Every time I walk into a pet store, I see hundreds of dog toys in a variety of bright colors. So naturally, I am drawn toward some of the more vibrant colors, such as red or purple especially when considering balls and discs for playing fetch. But I also stop to consider what colors my dogs may like the best.
Ironically, even though many dog toys are often red, purple, or bright green, these are not necessarily the best colors for your dog. The colors that dogs like the most are the colors that they can actually see, which are yellow and blue. So having toys in a variety of other colors may be lost on your dog. Keep reading to learn more about what dogs can actually see and why certain colors stand out.
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Dogs See a Limited Rainbow of Colors
Dogs do not see the full spectrum of colors that humans see. They really only see yellow and blue, so those colors are the ones they will naturally be drawn toward. This is because dogs only have two cones or receptors in their retinas, while humans have three allowing us to see three primary colors including red. While dogs can see the colors blue and yellow very well, reds and greens fade into yellows and browns.
However, contrary to what some people believe, dogs are not colorblind according to this article by VCA Hospitals. Rather, they see the world around them in shades of two primary colors– blue and yellow as well as shades of gray. These findings were documented in a study done at the University of California, Santa Barbara. See this article, Can Dogs See Color, by Dr. Stanley Cohen, 2008 for highlights of the study.
Because dogs see yellow and blue the best, these colors will seem the most vibrant and interesting to them. So they will be better able to see and find balls and toys of these colors during a game of fetch or when digging around in their toy box. Teaching your dog to play fetch will be more successful using balls in these colors that are more apparent to them.
|Colors As Humans See Them||Colors As Dogs See Them|
|Red||Dark Gray/Brownish Gray|
Best Balls and Colors For Fetch
As you can see by this chart, the colors that dogs are more likely to see the best are blue, yellow, green, and purple or violet. Red will probably be the most difficult color for your dog. However, a toy with contrasting colors such as many of the Snug balls have, can actually be helpful especially if throwing a yellow ball on a green lawn. The Snug balls can be purchased in yellow/blue, red/blue, and orange/blue.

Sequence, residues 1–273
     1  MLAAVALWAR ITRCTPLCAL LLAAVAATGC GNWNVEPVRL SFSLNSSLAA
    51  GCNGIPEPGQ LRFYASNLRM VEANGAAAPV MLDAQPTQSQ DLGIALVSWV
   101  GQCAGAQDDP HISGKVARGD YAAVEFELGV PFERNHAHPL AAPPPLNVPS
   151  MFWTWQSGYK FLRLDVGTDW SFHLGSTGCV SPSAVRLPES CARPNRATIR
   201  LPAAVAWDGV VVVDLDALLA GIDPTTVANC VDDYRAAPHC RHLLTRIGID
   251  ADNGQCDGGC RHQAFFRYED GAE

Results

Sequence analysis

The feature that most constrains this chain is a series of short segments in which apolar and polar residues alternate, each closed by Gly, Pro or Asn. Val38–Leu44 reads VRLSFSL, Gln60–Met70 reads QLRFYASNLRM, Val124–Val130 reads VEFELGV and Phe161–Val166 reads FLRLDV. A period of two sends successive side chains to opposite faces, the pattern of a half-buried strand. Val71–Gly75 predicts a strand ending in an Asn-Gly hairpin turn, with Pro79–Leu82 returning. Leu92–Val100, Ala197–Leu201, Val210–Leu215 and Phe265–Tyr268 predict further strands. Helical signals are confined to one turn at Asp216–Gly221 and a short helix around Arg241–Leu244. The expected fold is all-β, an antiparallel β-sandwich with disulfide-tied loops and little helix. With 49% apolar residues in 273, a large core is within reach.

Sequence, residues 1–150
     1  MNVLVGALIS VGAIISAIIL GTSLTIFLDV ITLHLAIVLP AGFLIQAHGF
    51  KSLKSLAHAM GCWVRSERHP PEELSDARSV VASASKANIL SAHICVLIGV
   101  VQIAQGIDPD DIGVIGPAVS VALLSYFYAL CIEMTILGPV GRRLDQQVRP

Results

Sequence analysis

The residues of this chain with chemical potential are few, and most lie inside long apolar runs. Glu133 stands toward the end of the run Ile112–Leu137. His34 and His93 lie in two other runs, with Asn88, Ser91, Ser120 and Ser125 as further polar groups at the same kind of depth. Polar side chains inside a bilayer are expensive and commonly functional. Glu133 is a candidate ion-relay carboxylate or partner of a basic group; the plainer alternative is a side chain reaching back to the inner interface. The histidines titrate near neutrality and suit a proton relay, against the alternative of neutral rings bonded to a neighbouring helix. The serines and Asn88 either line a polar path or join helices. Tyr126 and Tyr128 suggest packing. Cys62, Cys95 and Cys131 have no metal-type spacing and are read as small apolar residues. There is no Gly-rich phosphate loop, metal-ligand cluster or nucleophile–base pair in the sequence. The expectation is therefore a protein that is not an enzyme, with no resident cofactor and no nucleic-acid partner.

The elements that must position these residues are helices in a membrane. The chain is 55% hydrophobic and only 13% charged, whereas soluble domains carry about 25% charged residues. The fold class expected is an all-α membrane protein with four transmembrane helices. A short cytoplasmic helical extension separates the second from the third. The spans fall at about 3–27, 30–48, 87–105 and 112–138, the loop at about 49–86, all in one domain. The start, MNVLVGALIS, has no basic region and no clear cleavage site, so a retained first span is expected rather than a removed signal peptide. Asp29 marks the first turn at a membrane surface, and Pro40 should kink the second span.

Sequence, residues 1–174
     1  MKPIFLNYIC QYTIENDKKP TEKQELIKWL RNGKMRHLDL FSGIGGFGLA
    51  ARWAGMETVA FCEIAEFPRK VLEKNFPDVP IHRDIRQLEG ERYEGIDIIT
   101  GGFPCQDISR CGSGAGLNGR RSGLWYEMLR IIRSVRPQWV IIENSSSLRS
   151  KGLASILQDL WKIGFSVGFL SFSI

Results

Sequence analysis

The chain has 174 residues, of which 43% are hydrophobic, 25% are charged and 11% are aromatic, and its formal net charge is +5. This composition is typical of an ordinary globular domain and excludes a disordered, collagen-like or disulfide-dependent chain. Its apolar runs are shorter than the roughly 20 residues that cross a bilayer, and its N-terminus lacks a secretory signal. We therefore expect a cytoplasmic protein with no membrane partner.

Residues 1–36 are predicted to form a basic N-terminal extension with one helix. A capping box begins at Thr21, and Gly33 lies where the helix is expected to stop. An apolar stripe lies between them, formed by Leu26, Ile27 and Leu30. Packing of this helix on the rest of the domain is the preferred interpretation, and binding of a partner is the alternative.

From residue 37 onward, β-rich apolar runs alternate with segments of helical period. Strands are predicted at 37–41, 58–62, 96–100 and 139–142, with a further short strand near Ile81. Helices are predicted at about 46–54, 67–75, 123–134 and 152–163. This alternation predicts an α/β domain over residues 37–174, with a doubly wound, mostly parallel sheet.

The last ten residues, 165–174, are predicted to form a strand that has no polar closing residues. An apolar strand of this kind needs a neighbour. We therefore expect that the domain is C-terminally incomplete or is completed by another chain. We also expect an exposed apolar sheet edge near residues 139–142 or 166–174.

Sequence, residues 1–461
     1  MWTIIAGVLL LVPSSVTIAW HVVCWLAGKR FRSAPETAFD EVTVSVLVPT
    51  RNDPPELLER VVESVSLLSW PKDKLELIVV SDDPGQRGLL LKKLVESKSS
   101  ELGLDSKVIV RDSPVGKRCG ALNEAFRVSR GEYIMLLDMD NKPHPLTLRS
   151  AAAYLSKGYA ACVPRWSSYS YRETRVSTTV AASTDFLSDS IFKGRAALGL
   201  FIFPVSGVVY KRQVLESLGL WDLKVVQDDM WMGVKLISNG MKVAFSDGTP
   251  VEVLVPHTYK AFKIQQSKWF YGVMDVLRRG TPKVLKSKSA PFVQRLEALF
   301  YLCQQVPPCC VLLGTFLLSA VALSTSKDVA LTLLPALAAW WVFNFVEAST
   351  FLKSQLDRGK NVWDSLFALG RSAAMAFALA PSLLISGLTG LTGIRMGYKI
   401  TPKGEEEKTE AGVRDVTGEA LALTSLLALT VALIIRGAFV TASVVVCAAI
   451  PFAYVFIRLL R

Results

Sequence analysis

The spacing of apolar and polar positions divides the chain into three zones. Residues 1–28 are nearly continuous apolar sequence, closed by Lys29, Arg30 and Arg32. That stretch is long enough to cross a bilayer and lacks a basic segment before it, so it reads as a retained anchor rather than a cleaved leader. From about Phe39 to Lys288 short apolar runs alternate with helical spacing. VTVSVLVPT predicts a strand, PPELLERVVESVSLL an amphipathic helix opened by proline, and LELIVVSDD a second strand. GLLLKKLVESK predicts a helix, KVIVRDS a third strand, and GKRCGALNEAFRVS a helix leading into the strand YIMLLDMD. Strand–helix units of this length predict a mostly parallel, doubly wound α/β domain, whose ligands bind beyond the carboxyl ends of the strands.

Balls with two colors will allow both you and your dog to see these balls well. And the contrast of colors will be noticeable to your dog as it flies through the air. Another ball brand that does this are the Chuckit balls. They are usually orange with blue stripes. Both of these brands are among my dog’s favorites. They are safe, non-toxic, very durable, not easily chewed up, and bounce really well. Be sure to see my resource page, Dog Toys, for more suggestions.
How the Vision of Humans and Dogs Differ
In addition to having only two receptors for color rather than three, dog also have less clarity. A dog’s field of vision is not nearly as good as ours. A canine’s vision is closer to 20/75 versus our human standard of 20/20 vision. That means that something that looks like it is 20 feet away to us may look like it is 75 feet away to a dog. This causes things to look a little more blurry and smaller to our furry friends.
Despite the fact that their vision is less crisp, dogs excel at perceiving motion. If you have ever noticed your dog suddenly whipping his head around while you are on a walk, it is because he has seen something moving from the corner of his eye. This quick reaction to movement is an evolutionary trait that has helped dogs to hunt and protect themselves from prey.